I appreciate everyone’s well wishes and asking about us. I’ve genuinely missed you all. I thought I’d take this post to just say hello, share my motherhood story briefly and touch on how having a son has tweaked my view of picture books.
Oliver Samuel Wassall was born on June 22nd at 7:33 am, 7 pounds, 6 ounces after 49 and a half hours of full on labor. (uhhhhh, yeah. Not a typo. But that’s another story!)
He was perfect. They laid him on my chest. He looked directly into my eyes, and that was it folks. It was just… IT. We both froze a moment, his baby cry and my uncontrollable momma cry of “oh, baby, baby, baby!” both went silent as we locked eyes.
My husband was the most amazing birth support person anyone ever had. The three of us made a damn good team.
We had a bumpy start with a scary but short readmission. Then with a clean bill of health, we moved into the world of newborn. It was overwhelming of course. I believe it’s meant to be. It’s mother nature forcing you to immerse yourself into parenthood. So it can take over. And when it does, when you stop fighting and let it, it’s beautiful.
Oliver was hyper alert from the start. Engaged, spirited, wanted to not just be a spectator, but to be involved in everything around him, and of course, determined to never sleep. Haha. Days (and nights!) have sometimes been long, but weeks and months have FLOWN by.
He’s now eight months old. It’s like a dream at times, realizing I have an eight-month-old SON! (As my nephew said when he was just past six months old, “he’s almost a year now, because we round UP!”)
He is a glorious handful. Happiest, silliest child, full of giggles, funny faces and a brave “attack life” attitude. I can already see how much passion he’s going to bring to his own life as he grows.
Music, Animals, Bath time, Dad walking in the house, That super cute kid in the mirror
Sleep, The car, When Mommy walks away
Yay! He really does. Banging them on the floor. Trying to rip the pages. Listening to Mom or Dad read them. Eating them. And occasionally, even sitting still for an entire page or two and looking at one.
Bedtime was (still is) a bit of a battle. My little anti-sleeper has SO much fun during the day that he just doesn’t want it to end (ever). As any mom knows, one of the tips for bedtime that everyone agrees on is having a routine. (And seriously, in “mom-world” there are VERY few things that everyone agrees on!)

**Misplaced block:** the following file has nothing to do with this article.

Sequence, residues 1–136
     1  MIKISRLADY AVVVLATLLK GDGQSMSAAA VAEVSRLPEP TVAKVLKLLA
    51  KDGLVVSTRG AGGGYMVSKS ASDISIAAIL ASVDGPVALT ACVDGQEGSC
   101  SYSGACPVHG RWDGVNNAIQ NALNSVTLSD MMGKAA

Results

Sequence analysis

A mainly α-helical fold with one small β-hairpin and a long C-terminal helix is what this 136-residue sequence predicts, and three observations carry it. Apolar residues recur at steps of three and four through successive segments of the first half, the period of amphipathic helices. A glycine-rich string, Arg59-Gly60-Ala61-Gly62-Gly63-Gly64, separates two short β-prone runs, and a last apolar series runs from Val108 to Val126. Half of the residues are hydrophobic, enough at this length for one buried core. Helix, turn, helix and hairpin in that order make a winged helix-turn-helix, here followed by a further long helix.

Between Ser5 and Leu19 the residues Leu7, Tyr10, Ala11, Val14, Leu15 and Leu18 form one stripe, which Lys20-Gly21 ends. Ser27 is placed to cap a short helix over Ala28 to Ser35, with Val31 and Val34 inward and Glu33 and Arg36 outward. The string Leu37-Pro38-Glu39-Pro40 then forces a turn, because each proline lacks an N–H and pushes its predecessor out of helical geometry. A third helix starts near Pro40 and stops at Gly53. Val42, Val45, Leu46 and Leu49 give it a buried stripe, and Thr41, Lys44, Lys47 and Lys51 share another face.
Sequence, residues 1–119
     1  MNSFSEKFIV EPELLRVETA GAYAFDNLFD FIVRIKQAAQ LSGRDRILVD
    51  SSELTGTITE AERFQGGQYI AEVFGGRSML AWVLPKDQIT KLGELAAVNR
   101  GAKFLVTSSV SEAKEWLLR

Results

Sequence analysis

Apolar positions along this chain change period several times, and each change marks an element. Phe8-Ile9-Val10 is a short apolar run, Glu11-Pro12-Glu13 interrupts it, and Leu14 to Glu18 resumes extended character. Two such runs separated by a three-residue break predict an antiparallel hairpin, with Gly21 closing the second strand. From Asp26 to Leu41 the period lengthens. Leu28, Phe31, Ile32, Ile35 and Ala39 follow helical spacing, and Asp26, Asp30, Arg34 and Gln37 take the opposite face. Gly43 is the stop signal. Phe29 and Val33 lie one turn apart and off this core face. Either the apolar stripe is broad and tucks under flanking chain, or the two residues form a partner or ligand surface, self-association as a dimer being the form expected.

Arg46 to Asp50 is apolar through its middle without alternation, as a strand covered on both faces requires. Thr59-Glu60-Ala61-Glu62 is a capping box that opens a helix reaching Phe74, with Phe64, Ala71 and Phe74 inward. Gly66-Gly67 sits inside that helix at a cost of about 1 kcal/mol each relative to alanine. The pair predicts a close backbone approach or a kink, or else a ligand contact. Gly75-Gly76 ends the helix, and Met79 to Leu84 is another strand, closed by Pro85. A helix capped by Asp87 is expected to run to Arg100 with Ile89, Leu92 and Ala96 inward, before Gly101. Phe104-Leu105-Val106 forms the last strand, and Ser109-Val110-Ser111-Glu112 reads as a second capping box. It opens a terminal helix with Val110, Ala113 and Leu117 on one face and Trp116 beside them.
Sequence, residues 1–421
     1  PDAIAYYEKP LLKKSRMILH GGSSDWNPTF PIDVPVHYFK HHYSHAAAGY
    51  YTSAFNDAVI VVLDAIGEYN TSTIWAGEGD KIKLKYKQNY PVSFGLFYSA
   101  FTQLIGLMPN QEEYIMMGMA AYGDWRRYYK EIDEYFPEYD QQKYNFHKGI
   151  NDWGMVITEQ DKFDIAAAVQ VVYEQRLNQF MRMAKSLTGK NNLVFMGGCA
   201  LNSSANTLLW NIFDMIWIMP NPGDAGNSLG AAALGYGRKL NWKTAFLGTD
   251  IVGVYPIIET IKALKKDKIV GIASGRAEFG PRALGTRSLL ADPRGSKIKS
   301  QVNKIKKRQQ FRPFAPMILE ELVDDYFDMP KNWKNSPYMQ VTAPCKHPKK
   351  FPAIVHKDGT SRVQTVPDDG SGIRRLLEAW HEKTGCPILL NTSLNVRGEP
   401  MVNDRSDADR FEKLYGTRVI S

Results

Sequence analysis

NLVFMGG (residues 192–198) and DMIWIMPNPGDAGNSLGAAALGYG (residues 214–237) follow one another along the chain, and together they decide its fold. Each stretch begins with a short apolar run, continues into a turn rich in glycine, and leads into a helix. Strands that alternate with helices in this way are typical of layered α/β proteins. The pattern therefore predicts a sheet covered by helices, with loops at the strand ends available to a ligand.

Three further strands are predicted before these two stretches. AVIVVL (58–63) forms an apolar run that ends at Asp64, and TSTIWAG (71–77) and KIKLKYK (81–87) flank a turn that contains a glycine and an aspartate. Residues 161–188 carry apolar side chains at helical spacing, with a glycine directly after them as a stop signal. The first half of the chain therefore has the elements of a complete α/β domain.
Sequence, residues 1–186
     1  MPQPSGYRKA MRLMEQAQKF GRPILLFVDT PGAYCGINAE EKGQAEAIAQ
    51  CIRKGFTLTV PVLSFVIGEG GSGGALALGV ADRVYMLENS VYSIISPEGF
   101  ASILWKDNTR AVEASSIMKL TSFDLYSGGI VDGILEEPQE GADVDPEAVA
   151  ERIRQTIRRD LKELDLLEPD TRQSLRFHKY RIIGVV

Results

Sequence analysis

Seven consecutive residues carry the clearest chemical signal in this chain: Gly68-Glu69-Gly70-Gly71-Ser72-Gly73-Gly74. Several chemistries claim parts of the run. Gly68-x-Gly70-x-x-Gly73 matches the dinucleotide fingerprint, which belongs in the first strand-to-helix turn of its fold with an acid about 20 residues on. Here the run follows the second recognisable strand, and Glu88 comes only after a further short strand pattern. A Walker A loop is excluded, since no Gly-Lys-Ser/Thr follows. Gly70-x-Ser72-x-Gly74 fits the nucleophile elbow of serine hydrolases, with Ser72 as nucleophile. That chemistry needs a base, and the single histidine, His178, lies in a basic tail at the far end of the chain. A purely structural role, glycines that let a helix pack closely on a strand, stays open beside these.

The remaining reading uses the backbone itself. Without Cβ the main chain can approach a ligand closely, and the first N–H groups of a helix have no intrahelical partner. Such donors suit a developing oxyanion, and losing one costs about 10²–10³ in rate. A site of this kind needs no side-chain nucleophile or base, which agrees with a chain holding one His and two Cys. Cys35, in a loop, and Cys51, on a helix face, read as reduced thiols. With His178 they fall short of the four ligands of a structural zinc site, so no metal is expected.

We started young, 3-5 weeks old. But the smart little bugger quickly figured out it meant bedtime came next and would HOWL through the routine of bath, PJs, song, book, bed. Husband and I looking at each other, “WHY ARE WE DOING THIS? IT’S CLEARLY NOT HELPFUL!”
But we kept at it. And slowly certain parts of the routine began to soothe him (and now… although it doesn’t always mean he’ll sleep… I look forward to routine every day). His first favorite was book time. He would calm down for a few minutes while Dad read to him in funny voices, and Mom held him.
By six months he would excitedly reach for the books. Often he has his own to play with while Dad reads to him. We also read at naptimes, and other times throughout the day. Sometimes I even just point to a book and make up a story that goes along with it. It may seem no different from talking to him. But I’ve noticed that the intonation of my voice when I’m reading or telling him a story has its own unique sound.
Children’s books have taken on a whole new meaning. I have a secret for picture book writers:
There are times when the story doesn’t matter.
When reading to a baby (and LOTS of books are purchased for children under two) the story is pretty irrelevant.
Give me a funny character name my husband and I can laugh at. Give me repetition. Give a good peaceful rhythm and flow. Give me repetition. Give me something I can memorize easily. Give me repetition. Give me not TOO many words on a page, but also not too few. Give me repetition.
It is interesting to note which books we reach for the most. The ones we refer to as “Oliver’s” favorites. Silly stories you can’t help but read fast and giggle like Stand Back, Said the Elephant I’m Going to Sneeze (which breaks all the rules), The Watermelon Seed with its funny sounds, or of course, Corduroy for nostalgic reasons. They all fit a specific need.
I’m excited to see how his own personal favorites develop as he grows, and how it continues to deepen my understanding of the genre.
My next post (first Wednesday of every month for now) WILL be more writing based. However, to say it’ll be back to “normal,” back to what they were before, would be promising the impossible. They will not be the same, because I am not. Children’s books have a different meaning now. Stories have a different meaning. Life has a different meaning.
As writers we give everything to our work, draw from all that matters to us, all that makes us who we are. And why???
…because our manuscripts are worth it.
Erika Wassall is a writer, a farmer and a liver of life. She is a member of SCBWI and a proud Mad Scientist, bringing science experiments right into children’s classrooms, and hearts. She has a small farm in New Jersey with sheep, chickens, pigs and vegetables. Check out her new website at www.TheJerseyFarmScribe.com where as a first generation farmer, she often takes the long way, learning the tricks of the trade on The Farm. On her website is also The Shop page with tips and a free Q/A from her husband’s mechanic shop, and The Writer page where she shares stories, experiences and characters from the heart. Follow her on Twitter at @NJFarmScribe. She’d love to hear from you!
Look for Erika’s articles on the first Wednesday of every month. Glad you’re back with us, Erika!